Abstract

Who would have thought that the southern part of 'stable, old South Africa' was in fact 'not-so-stable', and that there has been spectacular tectonic activity in the Cape Fold Belt as recent as the early Holocene, about 10,327 ± 755 years ago?

Large-scale surface rupture, with at least 2 m of vertical geomorphic offset, has been recorded along the Kango Fault over a lateral distance of at least 84 km, from near the town of De Rust, east of Oudtshoorn, towards the western end of the Baviaanskloof in the Eastern Cape. Although the Kango Fault scarp was reported in the mid-1970's and late-1980's, detailed palaeoseismic investigation was not undertaken until recently, when the chief energy supplier for South Africa, Eskom, rekindled investigations to establish a number of nuclear power plants along the South African coastline. This paper reports the results of the first palaeoseismic trench excavated across the Kango Fault during the initial phase of the nations' current New Build programme.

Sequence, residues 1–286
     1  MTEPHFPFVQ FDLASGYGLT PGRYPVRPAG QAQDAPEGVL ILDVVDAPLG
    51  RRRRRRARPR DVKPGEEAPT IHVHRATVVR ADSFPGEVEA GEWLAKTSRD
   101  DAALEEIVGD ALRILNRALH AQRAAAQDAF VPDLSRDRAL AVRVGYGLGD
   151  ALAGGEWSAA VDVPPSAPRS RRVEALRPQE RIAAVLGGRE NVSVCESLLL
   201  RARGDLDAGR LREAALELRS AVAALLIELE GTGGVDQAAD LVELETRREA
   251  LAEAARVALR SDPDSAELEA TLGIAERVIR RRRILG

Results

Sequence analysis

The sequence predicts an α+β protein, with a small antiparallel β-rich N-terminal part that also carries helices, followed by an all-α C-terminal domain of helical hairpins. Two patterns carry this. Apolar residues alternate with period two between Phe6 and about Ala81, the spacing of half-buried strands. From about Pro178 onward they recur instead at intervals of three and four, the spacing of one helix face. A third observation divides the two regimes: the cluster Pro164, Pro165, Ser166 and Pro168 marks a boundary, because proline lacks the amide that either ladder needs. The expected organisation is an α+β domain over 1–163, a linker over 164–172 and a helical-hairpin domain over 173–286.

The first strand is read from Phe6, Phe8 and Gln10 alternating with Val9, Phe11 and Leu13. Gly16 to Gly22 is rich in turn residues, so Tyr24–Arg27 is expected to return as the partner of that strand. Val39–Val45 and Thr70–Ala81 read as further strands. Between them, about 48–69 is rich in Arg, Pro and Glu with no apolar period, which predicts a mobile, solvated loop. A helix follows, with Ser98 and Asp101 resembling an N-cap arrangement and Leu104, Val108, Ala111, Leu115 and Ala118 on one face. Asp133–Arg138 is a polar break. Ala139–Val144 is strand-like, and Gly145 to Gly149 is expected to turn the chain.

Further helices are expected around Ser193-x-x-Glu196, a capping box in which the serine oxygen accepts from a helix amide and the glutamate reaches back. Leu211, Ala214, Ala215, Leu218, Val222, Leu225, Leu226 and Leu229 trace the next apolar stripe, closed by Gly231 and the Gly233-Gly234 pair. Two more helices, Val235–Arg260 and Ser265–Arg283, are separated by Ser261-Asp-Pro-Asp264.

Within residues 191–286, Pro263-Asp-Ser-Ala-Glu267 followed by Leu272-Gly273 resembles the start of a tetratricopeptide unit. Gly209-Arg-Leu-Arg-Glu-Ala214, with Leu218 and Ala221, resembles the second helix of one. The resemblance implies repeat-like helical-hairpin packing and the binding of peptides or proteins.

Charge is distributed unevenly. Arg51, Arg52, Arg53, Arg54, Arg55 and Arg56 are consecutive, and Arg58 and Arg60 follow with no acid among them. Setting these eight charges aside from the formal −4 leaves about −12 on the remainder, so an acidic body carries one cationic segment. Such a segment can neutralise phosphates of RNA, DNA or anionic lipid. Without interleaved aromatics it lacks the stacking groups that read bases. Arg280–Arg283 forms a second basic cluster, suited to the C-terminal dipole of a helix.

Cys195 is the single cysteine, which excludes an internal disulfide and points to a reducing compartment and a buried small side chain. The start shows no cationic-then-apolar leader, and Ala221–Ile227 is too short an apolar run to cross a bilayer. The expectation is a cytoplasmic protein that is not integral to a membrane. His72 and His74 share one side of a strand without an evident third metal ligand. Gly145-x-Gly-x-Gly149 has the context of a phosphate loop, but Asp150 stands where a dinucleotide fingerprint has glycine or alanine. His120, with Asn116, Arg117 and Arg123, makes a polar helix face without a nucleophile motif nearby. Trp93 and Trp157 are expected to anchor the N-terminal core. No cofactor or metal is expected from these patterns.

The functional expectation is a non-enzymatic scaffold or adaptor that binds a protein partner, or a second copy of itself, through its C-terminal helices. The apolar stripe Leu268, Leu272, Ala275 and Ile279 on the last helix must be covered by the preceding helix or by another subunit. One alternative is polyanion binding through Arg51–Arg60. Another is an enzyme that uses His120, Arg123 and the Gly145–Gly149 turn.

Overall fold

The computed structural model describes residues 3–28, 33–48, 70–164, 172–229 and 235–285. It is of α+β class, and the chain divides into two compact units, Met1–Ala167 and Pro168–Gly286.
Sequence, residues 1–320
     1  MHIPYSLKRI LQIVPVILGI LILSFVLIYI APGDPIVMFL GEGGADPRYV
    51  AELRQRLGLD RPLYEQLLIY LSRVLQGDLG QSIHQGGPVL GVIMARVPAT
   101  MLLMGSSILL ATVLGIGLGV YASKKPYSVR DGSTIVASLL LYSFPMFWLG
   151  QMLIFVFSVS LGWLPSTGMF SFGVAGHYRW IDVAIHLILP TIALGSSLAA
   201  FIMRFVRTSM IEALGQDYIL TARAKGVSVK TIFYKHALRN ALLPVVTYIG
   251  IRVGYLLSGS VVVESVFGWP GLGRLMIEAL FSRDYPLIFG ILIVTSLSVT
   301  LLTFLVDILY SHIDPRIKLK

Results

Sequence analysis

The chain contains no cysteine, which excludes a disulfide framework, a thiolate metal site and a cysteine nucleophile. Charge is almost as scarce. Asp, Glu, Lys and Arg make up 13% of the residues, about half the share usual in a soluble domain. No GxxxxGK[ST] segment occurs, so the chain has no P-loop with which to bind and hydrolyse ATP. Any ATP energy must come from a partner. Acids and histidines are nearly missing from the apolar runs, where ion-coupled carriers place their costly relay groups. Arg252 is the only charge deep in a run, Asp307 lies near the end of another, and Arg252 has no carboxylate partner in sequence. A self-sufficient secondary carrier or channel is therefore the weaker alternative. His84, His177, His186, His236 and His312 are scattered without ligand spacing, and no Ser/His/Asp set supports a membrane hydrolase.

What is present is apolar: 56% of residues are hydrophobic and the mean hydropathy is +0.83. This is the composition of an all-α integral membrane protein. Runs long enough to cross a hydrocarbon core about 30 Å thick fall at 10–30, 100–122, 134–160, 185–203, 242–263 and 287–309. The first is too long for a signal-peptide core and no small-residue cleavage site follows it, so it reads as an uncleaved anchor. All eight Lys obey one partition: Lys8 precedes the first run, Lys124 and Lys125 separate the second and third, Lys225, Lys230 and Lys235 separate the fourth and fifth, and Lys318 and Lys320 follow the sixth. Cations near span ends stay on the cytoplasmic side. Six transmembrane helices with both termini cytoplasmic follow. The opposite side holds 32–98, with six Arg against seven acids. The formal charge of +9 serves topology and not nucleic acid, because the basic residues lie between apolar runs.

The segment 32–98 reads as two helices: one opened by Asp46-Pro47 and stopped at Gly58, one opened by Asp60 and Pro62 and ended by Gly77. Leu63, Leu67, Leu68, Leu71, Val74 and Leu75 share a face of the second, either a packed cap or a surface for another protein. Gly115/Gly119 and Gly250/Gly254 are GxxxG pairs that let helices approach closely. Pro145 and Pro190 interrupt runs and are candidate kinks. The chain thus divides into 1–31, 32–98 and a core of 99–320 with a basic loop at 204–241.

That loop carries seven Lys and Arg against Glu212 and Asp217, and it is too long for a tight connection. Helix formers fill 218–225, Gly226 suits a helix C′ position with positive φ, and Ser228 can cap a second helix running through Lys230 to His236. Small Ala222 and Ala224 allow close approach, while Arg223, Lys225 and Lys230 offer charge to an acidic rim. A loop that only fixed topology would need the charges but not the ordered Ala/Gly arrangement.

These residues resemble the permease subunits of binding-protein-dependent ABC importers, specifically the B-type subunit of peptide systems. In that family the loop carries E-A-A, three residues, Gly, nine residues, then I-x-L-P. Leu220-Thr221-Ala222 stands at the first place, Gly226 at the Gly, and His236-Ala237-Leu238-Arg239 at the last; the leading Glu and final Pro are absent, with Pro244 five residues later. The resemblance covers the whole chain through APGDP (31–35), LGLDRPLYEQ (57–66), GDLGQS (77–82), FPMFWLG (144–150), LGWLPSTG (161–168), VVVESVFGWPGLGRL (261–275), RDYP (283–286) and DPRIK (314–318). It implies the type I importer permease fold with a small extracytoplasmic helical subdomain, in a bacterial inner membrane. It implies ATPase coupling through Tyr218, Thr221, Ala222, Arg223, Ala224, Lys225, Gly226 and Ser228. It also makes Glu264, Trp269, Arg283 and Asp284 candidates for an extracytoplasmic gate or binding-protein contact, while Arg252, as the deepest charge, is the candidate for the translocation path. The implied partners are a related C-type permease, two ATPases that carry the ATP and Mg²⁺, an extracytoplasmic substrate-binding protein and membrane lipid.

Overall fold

The location and date of the most recent event (MRE) is reported, as well as the style of faulting and local stress direction. These palaeoseismic data are derived from carefully-mapped logs of an 82 m long, 5 m deep trench, supported by 12 optically-stimulated luminescence (OSL) dates of stratigraphic horizons exposed in the trench. Various features of the stratigraphy, pedology and structure in the trench sidewall are described in detail, particularly those leading to the interpretation of the MRE. Development of a shear fabric in the cobble- to small boulder-sized alluvium at the main fault zone indicates that interpretation of local neotectonic fault style and stress direction should be made at least 4 to 5 m below the free face of the fault scarp. Retro-deformation of the trench log clearly defines the MRE and distinguishes apparent vertical displacement from the actual displacement of 2.0 ± 0.06 m. It also reveals that 1.9 m of surface extension occurred during the rupture, as well as the depositional processes that subsequently buried the 32 m wide graben formed at the site.

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